In one of his strongest hints that his quest for the presidency is unstoppable, Deputy President William Ruto last Sunday indicated that he had gathered enough resources to run for the top seat in 2022.
He also boldly, but shrewdly, warned against being gagged from reaching out to the electorate.
“Tomorrow's activities are always planned today,” said the DP in an apparent confession that he had already hit the campaign trail. The issue of premature campaigns has, since March last year, been at the centre of friction between President Uhuru Kenyatta and his deputy.
Following his symbolic handshake with opposition leader Raila Odinga on March 9, 2018 aimed at ending political hostilities between the two leaders and uniting the country, Mr Kenyatta’s focus significantly changed to securing his legacy.
With the DP reportedly keener on clinching the top seat in the 2022 poll, the two leaders of the ruling Jubilee Party are increasingly walking different paths — at least if the actions of their allies, now split along Kieleweke and Tanga Tanga factions, are anything to go by.
Presiding over a funds drive for 35 churches in Eldama-Ravine, Baringo County, last Sunday, the DP assured his supporters that he was well-prepared to succeed Mr Kenyatta. He asked them to ignore threats or information to the contrary.
As anticipated, Dr Ruto’s pronouncements quickly generated a lot of interest and reactions from politicians. Speaking in Nakuru County on Friday during the funeral of lawyer-cum-businessman Karanja Kabage, the President reiterated his warning against endless politicking ahead of 2022. Dr Ruto was in attendance.
According to Nyeri Town MP Wambugu Ngunjiri, DP Ruto is now “in a full-fledged rebellion”. The MP, who leads the so-called Kieleweke faction of Jubilee that is allied to President Kenyatta, says the latest development has shown that the DP and President are reading from two different scripts.
“The DP is clearly running his own agenda and show and has even warned against being stopped or distracted from his mission. While he has every right to lobby for the presidency, the weighty question is: Why is he campaigning against the wishes of his boss? Clearly there is a problem here,” he said.
Claiming that Dr Ruto’s actions could imply “persistent defiance and attempts to undermine his boss through a series of acts of omission and commission”, ex-Cabinet minister, Prof Amukowa Anangwe, nonetheless observes the DP’s sentiments may have been persuaded by the audience he was addressing.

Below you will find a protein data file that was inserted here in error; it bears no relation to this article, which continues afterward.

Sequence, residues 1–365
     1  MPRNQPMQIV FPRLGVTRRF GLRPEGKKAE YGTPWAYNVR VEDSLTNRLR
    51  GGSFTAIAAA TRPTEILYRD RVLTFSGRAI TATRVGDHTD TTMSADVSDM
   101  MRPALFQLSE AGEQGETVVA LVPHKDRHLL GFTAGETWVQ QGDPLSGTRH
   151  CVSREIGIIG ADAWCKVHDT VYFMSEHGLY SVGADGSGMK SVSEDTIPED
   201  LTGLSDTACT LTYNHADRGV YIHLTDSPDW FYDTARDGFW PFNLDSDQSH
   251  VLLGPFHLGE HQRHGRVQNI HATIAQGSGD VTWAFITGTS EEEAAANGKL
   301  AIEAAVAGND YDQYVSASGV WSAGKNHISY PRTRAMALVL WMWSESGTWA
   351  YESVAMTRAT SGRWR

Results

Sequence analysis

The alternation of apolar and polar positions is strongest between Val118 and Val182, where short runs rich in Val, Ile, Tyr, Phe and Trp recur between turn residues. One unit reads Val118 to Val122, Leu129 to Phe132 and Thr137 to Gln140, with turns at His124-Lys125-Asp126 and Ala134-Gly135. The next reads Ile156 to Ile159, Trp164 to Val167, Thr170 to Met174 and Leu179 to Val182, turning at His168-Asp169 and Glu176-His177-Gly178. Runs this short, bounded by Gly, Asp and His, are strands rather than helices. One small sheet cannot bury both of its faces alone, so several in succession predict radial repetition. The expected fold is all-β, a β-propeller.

“He was in his backyard, and, hence, the temptation to chest-thump in order to inspire his supporters not to be discouraged by what his Kalenjin community detractors have been saying adversely against his presidential bid,” explains Prof Anangwe, who teaches political science at University of Dodoma, Tanzania.
Kiharu MP, Ndindi Nyoro, however maintains the DP was quoted out of context. According to Nyoro, Dr Ruto meant he was prepared ahead of time and would engage in the campaigns accordingly at the right time.
“Right from the bottom his heart, the DP is a man who respects his boss and it is in his and our best interest to work with President Kenyatta and face the coming elections as a team with him,” says the youthful legislator. Nyoro’s explanation notwithstanding, MPs allied to the DP have been criss-crossing the country in the company of Ruto, openly drumming up support for his presidential bid and verbally attacking his presumed challengers in 2022.
Claiming Dr Ruto has never personally uttered words to the effect of being elected in 2022, Nyoro observes “the General should not be forced to shoulder sins of his lieutenants”.
Nonetheless, some of the DP's backers like Dr Bonny Khalwale are openly in support of their candidate’s premature campaign. The former Kakamega County senator, who is now Dr Ruto’s point man in western Kenya, says they cannot wait for endorsement at this stage.
Dr Khalwale points out that past experience has shown that candidates endorsed by the incumbent, including the President who was endorsed by Daniel arap Moi in 2002, always face rejection at the ballot.
Stating they have already hit the ground running, Dr Khalwale explains he recently defected from as Ford-Kenya “early enough” in order to give the Ruto campaign impetus and the necessary drive.
Pokot South MP, David Pkosing similarly claims the Ruto campaign is unstoppable: “I have severally joined him on his working tours across the country and I can assure you that the hustler effect is gaining traction fast. The people have now owned the Ruto campaign and even if he wanted to opt out, it will not be easy to do so.”
But Ngunjiri believes the pro-Ruto brigade is riding on false hopes. The MP charges that the DP and his backers are attempting to ride on the President’s back, while at the same time disparaging and demeaning him — a factor he claims will boomerang on them.
Ngunjiri singles out the sustained attacks by Ruto’s allies against senior state officers, including Interior Principal Secretary, Karanja Kibicho, the Director of Criminal Investigations George Kinoti and Director of Public Prosecution, Noordin Haji, as an indicator of defiance against the President.
“They attack the President’s men publicly and cry foul instead of utilising other avenues of resolving problems as Jubilee-allied MPs. They attack the President directly through tweets and in public rallies in the presence of the DP, who does not even reprimand them, yet claim to support the Kenyatta administration. Just who is fooling who?” poses the MP.